A large (̃30 × 75 km) patch of larval walleye pollock, Theragra chalcogramma, was located south of the Alaska Peninsula during May 1986. A drifter deployed in this patch followed an anticyclonic path consistent with dynamic topography. Changes in community composition and vertical distribution of microzooplankton >40 μm were sampled for 4 days alongside this drifter to examine feeding conditions for larvae. Biological and physical changes during the first 2 calm days revealed substantial small-scale variability within the larger circulation pattern. Changes during the last 2 days were dominated by vertical mixing due to strong winds. Despite mixing, prey concentrations remained adequate for feeding by larval pollock as determined by laboratory studies. A satellite-tracked drifter replaced the first drifter and was still located within the patch 6 days later. Overall distributions of larvae and movements of the drifters show a net translation of 7.8 km day-1 south-westward, but details of the study reveal complex interactions between coastal waters and a coastal current. During the 10-day period there was an increase in standard length of the larval fish population of 0.13 mm day-1 and a decline in abundance of ̃7.6% day-1. Both calculated rates must be underestimates due to continuing recruitment of small larvae from hatching eggs.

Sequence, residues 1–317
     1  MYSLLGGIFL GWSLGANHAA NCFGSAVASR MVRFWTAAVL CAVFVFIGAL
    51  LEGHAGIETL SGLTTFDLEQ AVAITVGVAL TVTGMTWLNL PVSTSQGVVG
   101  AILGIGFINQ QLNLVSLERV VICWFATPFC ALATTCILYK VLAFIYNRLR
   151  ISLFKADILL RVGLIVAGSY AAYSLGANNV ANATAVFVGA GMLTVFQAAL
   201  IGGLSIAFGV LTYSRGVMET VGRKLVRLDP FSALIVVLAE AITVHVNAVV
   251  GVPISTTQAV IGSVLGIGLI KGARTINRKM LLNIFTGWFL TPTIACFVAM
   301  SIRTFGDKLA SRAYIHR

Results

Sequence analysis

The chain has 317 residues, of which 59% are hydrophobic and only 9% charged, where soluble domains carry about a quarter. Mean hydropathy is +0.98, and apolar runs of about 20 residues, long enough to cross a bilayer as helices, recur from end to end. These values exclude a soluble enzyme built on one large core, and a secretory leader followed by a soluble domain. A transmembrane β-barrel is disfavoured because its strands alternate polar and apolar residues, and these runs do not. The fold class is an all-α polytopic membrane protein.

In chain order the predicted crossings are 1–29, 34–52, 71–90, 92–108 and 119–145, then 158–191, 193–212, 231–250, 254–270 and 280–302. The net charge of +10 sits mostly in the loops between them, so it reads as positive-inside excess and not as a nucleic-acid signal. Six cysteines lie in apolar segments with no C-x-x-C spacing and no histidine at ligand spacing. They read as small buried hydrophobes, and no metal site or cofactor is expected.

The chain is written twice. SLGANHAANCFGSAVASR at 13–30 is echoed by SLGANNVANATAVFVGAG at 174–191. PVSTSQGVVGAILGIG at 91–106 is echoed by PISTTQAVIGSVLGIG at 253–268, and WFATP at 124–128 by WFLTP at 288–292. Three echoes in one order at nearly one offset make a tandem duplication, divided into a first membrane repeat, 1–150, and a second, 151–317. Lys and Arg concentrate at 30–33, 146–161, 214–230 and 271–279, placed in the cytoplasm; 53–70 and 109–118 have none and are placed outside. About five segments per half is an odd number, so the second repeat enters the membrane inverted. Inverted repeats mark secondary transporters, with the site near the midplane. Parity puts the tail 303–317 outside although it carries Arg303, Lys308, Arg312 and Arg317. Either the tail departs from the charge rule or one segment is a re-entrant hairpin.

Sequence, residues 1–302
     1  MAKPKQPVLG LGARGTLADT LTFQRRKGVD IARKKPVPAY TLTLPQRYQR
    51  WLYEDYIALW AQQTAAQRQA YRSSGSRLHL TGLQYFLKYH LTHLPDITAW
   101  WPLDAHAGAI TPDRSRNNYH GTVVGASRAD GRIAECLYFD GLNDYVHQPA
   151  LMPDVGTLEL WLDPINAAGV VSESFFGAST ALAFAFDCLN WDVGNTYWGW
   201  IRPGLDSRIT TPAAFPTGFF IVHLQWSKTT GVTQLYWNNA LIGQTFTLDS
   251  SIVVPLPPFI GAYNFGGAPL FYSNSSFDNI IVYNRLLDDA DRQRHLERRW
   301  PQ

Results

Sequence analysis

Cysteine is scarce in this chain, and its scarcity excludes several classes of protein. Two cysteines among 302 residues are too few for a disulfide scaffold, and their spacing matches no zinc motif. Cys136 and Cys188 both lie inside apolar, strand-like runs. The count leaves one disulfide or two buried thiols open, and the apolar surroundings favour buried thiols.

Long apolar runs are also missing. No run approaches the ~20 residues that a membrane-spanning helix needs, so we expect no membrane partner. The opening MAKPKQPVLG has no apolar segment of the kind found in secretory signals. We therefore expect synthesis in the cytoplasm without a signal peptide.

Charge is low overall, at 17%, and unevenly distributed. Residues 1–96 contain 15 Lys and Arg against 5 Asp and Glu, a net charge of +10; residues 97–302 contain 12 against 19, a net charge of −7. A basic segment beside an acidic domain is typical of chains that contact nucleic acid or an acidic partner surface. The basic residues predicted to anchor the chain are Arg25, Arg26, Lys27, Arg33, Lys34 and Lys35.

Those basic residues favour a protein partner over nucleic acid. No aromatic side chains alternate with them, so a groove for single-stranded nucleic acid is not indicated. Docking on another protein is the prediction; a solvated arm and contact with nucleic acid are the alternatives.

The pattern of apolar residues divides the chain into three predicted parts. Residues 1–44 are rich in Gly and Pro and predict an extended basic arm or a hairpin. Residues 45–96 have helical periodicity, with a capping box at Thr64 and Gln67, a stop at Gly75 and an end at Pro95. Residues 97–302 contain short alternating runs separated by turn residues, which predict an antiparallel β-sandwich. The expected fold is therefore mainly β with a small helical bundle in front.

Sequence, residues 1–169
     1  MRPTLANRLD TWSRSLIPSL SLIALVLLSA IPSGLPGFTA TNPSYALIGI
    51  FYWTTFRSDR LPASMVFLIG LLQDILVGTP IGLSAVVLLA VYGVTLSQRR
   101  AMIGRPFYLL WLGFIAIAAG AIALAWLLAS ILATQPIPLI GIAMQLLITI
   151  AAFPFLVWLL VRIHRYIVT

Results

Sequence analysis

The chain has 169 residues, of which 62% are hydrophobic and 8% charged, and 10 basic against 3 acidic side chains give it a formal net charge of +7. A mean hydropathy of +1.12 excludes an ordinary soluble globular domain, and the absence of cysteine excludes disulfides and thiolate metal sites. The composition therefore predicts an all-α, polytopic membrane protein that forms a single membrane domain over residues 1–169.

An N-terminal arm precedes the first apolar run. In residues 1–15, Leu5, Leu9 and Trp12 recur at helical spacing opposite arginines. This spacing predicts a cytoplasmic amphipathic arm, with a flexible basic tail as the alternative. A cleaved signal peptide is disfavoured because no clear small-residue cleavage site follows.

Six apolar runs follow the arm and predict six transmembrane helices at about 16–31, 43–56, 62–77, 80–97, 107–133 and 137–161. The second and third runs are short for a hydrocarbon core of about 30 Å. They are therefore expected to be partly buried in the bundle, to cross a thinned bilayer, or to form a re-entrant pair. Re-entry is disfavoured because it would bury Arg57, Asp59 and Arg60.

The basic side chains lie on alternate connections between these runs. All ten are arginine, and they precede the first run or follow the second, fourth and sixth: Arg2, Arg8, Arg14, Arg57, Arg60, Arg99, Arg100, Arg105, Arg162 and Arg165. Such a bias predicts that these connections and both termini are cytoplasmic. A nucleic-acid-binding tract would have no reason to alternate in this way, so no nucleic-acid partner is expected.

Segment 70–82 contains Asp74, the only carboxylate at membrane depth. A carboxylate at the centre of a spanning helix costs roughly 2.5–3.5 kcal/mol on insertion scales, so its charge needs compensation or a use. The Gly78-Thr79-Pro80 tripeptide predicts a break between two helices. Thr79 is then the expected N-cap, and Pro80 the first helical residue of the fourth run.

ASJC Scopus subject areas
- Ecology, Evolution, Behavior and Systematics
- Aquatic Science